By Fiona Flowers

For The Diamondback

Panelists discussed land tenure, sustainability and food production at an event Thursday showcasing the experiences of farmers in Maryland who are Black, indigenous and people of color.

“Reclaiming Roots,” a forum sponsored by the University of Maryland’s Institute of Applied Agriculture, featured four speakers who discussed how culture intertwines with the environment and emphasized the need for equitable and sustainable food systems. The event was part of this university’s celebration of Black Climate Week, a part of Black History Month that highlights Black people’s contributions to climate solutions and environmental justice work.

Tiara Matthews, the president of Plantation Park Heights Urban Farm in Baltimore, spoke at the event about how urban farming in Baltimore City transformed her community.

Matthews said Plantation Park Heights has partnered with programs at Coppin State University, Morgan State University and Cornell University to maximize opportunities for young farmers to explore urban agriculture. These partnerships help refine participants’ financial literacy, mental health and professional aspirations, she added.

“Once we started growing, we started seeing violence breaking down,” she said. “This is to encourage the next generation of leaders.”

[UMD entomology department set to study rare cicada emergence]

Mario Harley, a member of the Piscataway Conoy Tribe, shared his perspective on land ownership. Preserving and cultivating the natural environment aligns with the values of his ancestors, who viewed the earth as a maternal provider of life, he said.

“We do not own the land. We are a part of the land,” he said. “Earth Mother provides us with everything we need to survive … and it’s our responsibility as two-leggeds not to have dominion over the natural world, but understand we are a part of the natural world.”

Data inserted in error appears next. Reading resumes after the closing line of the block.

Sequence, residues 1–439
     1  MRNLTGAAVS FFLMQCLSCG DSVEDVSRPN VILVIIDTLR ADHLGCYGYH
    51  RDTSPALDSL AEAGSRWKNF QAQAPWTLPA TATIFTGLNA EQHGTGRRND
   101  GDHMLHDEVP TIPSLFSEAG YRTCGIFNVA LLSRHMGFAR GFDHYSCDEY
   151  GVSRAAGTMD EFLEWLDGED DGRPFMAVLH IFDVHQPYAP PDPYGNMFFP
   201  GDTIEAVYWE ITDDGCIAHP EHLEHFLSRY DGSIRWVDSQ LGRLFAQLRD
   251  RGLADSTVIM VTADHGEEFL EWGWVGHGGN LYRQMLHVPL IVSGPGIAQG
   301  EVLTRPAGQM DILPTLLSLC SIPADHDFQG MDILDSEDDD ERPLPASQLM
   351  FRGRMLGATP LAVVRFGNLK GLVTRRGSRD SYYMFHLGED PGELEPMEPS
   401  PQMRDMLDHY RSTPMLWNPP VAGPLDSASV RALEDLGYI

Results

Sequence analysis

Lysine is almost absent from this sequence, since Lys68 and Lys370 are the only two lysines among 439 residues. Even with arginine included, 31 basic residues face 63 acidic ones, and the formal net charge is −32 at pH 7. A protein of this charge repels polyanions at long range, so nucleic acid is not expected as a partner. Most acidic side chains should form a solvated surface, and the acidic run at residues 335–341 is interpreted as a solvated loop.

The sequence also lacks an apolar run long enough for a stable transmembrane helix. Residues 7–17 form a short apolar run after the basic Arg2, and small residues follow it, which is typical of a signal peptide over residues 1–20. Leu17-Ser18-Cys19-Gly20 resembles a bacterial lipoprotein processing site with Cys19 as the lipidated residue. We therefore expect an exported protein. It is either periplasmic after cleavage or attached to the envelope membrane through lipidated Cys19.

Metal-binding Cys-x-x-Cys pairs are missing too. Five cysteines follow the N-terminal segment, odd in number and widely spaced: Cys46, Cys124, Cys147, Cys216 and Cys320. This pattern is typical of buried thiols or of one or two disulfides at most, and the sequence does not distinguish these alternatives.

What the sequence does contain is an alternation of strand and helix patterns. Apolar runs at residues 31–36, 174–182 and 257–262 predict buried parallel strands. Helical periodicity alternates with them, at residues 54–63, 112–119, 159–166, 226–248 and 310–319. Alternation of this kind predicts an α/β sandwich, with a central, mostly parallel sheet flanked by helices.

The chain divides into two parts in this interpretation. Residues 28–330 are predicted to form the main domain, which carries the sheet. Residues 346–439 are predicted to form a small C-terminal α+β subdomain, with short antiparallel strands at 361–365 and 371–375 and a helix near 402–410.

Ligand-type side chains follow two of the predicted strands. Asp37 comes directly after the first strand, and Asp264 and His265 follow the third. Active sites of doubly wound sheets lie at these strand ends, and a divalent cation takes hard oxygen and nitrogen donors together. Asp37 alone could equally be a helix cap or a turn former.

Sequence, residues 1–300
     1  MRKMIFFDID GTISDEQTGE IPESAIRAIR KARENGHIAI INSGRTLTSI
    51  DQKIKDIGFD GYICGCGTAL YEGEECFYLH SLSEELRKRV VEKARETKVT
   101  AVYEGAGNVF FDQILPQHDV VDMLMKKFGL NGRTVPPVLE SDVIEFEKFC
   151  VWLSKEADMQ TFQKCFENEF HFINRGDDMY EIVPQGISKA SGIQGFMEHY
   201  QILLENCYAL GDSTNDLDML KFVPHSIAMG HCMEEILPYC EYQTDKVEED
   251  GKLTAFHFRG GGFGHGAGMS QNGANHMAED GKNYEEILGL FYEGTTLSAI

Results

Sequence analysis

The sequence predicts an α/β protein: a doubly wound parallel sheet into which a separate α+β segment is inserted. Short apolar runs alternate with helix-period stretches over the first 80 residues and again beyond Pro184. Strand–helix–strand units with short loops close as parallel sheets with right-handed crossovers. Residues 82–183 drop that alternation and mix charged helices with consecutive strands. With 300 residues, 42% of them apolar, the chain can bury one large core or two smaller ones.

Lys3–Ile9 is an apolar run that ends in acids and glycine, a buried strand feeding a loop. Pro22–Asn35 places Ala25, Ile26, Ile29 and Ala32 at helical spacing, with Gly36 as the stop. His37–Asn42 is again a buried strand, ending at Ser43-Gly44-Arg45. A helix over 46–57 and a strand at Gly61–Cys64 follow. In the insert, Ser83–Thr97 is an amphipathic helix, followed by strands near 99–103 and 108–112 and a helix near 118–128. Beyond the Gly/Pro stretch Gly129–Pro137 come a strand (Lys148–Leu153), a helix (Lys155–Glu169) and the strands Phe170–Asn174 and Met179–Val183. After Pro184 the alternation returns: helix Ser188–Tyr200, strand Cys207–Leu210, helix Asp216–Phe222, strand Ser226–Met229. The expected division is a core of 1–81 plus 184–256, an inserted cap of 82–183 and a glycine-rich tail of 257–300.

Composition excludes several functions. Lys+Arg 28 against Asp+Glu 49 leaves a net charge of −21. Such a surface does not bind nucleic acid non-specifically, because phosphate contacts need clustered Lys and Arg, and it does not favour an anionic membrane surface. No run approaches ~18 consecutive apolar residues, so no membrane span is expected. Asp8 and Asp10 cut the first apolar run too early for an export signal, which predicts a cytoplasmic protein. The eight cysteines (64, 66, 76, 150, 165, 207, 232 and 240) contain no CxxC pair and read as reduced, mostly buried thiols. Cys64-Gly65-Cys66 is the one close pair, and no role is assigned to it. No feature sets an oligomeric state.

Harley said natural agriculture is ingrained in the human experience. Prioritizing economic growth at the expense of respect for land isn’t beneficial to the earth, he said.

Harley and other speakers emphasized the importance of community and local farmers, encouraging attendees to familiarize themselves with natural food systems and learn how multicultural perspectives shape sustainable agriculture.

[Prince George’s County gets its first weather monitoring station]

Another speaker, Gale Livingstone, said she was a former federal government consultant and contractor before a traumatic car accident led her to reignite her relationship with gardening and farming. These activities provided her the opportunity to heal physically and mentally. According to her website, Livingstone established Deep Roots Farm in Prince George’s County in 2018 with a goal of educating aspiring farmers and serving her community.

The farm is Black-woman-owned, according to its website, and focuses on a holistic farming approach that considers social, economic and environmental impacts.

“That connection [to nature], I believe we all do share and need to plug into that on a more frequent basis,” she said. “I think setting our phones aside and turning off the television or getting off the computers and exploring that part of our world can really help us all to heal and be better humans and better citizens of the community.”

Livingstone, who is from Guyana, emphasized the connection between culture, sustainability and farming. On her farm, she grows crops she grew up eating in Guyana, such as long beans and okra. She hopes to spread her heritage through the exchange of food, she said.

“Part of what I see my role as, as a farmer, is educating the consumer,” Livingstone said. “I try to do as much education as we can so that folks get an understanding and somewhat of an open mind.”